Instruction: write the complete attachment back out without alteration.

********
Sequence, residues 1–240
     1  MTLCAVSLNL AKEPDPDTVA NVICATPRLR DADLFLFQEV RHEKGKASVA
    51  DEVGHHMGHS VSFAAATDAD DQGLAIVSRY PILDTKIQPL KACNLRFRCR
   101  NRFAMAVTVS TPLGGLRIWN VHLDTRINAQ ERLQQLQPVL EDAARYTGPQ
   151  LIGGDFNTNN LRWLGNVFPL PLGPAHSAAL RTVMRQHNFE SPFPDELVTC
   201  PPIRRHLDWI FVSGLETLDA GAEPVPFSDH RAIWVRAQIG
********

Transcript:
Sequence, residues 1–240
     1  MTLCAVSLNL AKEPDPDTVA NVICATPRLR DADLFLFQEV RHEKGKASVA
    51  DEVGHHMGHS VSFAAATDAD DQGLAIVSRY PILDTKIQPL KACNLRFRCR
   101  NRFAMAVTVS TPLGGLRIWN VHLDTRINAQ ERLQQLQPVL EDAARYTGPQ
   151  LIGGDFNTNN LRWLGNVFPL PLGPAHSAAL RTVMRQHNFE SPFPDELVTC
   201  PPIRRHLDWI FVSGLETLDA GAEPVPFSDH RAIWVRAQIG